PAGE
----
Why the Choking Game Is Extremely Dangerous for Teens

teen girl looking out window
Be sure you talk to your child about the dangers of the choking game, and answer any questions your tween might have. Photo: APatterson, freeimages.com

The choking game is a dangerous practice of tweens and teens in which they self-strangulate in order to achieve a brief high. The high is the result of oxygen rushing back to the brain after breathing is cut off by the practice of strangulation

The choking game (also known as space monkey) is very dangerous and can easily lead to accidental death. 

Why Kids Play the Choking Game

Pass-out or fainting games have been around for generations, but there is renewed concern in the era of social media and YouTube videos, which can increase peer pressure and make them seem like a normal way to pursue a high without drugs or alcohol.

In order to achieve a high, children may use ropes, scarves, or other items to strangle themselves, either alone or within a group. The game is more likely to be deadly when such items are used, and when practiced alone rather than with a friend or group.

Prevalence of the Choking Game

According to the Centers for Disease Control (CDC), there were more than 80 deaths due to self-strangulation in children aged 6 to 19 from 1995-2007. That estimate, according to parents and advocacy groups, doesn’t accurately represent how widespread the problem is. Instead, they say that the choking game claims more than 100 lives per year, but many of these are incorrectly attributed to suicide.

A review of studies on choking behavior found that 7.4% of young people had engaged in this behavior up to the age of 20. Boys are more likely to die from the choking game, but the behavior is a danger to both boys and girls.

Youths who participate in the choking game are more likely to participate in other risk-taking behavior as well.

Signs Your Child Is Participating in the Choking Game

Children who participate in the choking game may exhibit physical and behavioral symptoms or behaviors:

  • Marks or bruises on the neck
  • Bloodshot eyes
  • Confusion or disorientation after being alone for a period of time
  • The presence of unusual items such as dog leashes, ropes, scarves, bungee cords, and belts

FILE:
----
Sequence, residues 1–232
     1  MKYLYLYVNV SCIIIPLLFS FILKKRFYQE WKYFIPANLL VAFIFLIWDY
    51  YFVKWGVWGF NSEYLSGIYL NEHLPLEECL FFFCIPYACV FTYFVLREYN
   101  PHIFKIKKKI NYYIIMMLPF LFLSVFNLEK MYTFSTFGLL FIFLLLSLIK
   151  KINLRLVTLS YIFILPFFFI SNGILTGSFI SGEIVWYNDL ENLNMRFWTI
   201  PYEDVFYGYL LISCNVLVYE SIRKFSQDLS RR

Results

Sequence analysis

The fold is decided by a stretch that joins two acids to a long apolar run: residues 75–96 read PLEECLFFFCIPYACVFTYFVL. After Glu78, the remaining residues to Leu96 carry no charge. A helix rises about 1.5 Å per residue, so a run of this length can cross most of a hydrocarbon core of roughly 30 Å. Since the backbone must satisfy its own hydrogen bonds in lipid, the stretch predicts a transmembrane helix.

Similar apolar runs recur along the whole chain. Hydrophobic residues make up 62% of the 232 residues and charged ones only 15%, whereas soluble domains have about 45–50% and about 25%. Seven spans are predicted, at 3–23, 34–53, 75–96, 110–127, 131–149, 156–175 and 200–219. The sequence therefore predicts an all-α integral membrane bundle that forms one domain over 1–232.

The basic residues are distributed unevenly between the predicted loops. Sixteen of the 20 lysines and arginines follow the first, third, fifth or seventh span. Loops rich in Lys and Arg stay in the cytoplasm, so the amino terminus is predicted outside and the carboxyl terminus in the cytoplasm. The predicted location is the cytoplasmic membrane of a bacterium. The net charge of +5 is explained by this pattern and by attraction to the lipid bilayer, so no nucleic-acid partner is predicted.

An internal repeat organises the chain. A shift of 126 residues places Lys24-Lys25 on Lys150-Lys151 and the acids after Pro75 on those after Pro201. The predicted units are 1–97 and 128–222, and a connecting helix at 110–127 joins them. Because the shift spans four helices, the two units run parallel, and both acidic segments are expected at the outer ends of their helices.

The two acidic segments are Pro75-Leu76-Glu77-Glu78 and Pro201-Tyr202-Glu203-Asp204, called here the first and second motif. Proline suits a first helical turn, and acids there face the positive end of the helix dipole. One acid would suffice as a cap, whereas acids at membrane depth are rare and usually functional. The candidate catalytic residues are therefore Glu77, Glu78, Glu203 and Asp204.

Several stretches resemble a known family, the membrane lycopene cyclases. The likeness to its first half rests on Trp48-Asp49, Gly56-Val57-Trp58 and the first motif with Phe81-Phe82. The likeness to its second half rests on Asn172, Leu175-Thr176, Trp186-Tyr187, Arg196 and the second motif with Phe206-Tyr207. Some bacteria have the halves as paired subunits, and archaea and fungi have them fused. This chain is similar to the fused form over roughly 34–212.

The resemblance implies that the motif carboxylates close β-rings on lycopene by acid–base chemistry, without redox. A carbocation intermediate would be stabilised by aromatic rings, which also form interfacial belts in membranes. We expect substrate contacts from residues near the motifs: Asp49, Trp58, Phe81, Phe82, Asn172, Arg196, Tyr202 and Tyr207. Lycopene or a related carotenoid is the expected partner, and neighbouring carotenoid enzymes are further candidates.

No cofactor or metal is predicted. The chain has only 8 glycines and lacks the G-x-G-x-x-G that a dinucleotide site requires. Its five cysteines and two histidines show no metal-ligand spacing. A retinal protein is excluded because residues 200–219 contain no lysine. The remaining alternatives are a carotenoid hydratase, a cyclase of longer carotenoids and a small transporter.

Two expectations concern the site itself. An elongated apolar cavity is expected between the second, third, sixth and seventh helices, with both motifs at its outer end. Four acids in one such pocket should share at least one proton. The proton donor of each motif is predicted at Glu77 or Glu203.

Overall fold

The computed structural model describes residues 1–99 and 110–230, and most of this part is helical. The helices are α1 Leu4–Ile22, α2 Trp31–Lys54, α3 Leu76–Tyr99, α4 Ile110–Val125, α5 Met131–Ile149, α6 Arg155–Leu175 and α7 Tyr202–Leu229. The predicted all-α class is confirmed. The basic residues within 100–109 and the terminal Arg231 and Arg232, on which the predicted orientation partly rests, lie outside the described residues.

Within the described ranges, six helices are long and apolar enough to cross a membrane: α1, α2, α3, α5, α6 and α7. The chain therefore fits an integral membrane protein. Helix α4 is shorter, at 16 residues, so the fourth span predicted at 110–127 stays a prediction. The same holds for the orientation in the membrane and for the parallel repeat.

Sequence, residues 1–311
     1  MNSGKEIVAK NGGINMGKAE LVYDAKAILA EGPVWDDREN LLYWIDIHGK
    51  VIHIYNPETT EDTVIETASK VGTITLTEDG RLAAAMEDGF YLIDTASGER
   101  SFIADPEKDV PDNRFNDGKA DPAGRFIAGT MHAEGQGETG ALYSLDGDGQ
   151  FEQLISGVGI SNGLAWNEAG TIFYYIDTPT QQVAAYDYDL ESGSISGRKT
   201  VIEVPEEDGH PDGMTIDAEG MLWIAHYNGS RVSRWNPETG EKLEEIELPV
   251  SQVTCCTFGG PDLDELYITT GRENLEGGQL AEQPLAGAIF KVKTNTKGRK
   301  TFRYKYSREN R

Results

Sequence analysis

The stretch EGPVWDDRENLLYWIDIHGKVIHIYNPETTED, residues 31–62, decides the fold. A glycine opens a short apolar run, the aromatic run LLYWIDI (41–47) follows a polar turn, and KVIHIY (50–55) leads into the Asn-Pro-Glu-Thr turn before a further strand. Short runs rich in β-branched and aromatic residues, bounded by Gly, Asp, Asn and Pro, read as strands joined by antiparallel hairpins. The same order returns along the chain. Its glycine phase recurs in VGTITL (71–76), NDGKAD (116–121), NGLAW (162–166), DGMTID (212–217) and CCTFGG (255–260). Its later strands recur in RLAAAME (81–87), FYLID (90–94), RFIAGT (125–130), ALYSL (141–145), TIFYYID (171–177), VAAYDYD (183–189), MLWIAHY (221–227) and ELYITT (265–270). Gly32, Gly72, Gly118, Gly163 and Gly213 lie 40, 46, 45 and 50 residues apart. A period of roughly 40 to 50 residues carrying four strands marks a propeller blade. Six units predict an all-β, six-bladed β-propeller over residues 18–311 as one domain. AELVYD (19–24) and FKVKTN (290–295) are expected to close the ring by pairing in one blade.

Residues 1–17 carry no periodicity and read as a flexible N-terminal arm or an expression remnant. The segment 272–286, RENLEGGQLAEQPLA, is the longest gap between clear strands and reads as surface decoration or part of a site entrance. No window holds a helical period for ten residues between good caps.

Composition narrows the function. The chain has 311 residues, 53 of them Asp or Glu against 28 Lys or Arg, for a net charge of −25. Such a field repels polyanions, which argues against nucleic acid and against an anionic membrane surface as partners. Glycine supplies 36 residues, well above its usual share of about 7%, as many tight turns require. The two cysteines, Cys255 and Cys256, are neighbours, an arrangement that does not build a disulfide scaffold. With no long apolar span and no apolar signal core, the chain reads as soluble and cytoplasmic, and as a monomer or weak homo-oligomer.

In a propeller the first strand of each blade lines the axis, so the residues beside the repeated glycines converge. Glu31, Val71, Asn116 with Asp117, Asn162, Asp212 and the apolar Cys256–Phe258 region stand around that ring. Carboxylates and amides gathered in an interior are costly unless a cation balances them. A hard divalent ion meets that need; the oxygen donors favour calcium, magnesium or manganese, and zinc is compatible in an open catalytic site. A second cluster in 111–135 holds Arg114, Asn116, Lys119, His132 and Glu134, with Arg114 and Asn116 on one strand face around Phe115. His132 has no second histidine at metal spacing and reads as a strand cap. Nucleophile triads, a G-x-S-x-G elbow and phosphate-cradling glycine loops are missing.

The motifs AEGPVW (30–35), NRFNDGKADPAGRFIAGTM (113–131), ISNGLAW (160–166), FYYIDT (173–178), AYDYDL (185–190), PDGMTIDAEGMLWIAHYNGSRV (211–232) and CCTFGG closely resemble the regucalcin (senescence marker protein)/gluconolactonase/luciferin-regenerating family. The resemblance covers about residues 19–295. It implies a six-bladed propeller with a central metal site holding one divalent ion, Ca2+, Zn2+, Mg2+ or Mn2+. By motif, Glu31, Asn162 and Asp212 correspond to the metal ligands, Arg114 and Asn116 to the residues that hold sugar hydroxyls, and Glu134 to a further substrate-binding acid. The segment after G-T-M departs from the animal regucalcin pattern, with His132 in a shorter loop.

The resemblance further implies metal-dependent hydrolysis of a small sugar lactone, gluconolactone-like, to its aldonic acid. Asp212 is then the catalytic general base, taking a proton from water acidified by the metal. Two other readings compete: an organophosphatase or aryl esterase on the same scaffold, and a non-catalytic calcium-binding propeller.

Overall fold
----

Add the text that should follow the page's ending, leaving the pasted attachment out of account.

• Bleeding under the skin of the face and eyelids
  • Behavior changes

Other signs may include:

  • Wear marks on furniture (bedposts, doorknobs, etc.)
  • Linens or ropes tied around doorknobs or furniture or in closets
  • The frequent need for privacy

Be familiar with the different names given to the choking game that you may overhear in conversation or see in your child's communications. It's also known as the pass-out game, space monkey, the fainting game, scarf game, space cowboy, California choke, the dream game, cloud nine, and purple hazing.

How to Talk to Your Child About the Choking Game

If you suspect your child has engaged in this dangerous behavior, or if you hear that children at your child's school have engaged in this practice, you need to take quick action. Talk to your child about the real dangers of the choking game, including death, memory loss, seizures, concussions, hemorrhage of the eye, stroke, and brain damage.

Also, be sure there isn't anything going on with your child that could cause depression, anxiety, or desperate practices like the choking game. Try to get to the root of your child's problems, and if necessary, enlist the help of a professional counselor.

In addition, alert your child's school and other parents should you discover that children in your area are in danger of engaging in the choking game. Above all, help your child learn how to resist peer pressure, enjoy interests and passions, and make sure your child understands that you are always available to talk should they need a good listener.

4 Sources
Verywell Mind uses only high-quality sources, including peer-reviewed studies, to support the facts within our articles. Read our editorial process to learn more about how we fact-check and keep our content accurate, reliable, and trustworthy.
  1. Centers for Disease Control and Prevention. Unintentional Strangulation Deaths from the "Choking Game" Among Youths Aged 6-19 Years—United States, 1995-2007.

  2. Busse H, Harrop T, Gunnell D, Kipping R. Prevalence and associated harm of engagement in self-asphyxial behaviours ('choking game') in young people: a systematic review. Arch Dis Child. 2015;100(12):1106-1114. doi:10.1136/archdischild-2015-308187

  3. Korioth T. Children accidentally choking themselves for a brief ‘high'. AAP News. 2014;35(10):44. doi:10.1542/aapnews.20143510-44d

  4. Bernacki JM, Davies WH. Prevention of the Choking Game: Parent Perspectives. J Inj Violence Res. 2012;4(2):73-78. doi:10.5249/jivr.v4i2.119

Additional Reading

By Jennifer O'Donnell
Jennifer O'Donnell holds a BA in English and has training in specific areas regarding tweens, covering parenting for over 8 years.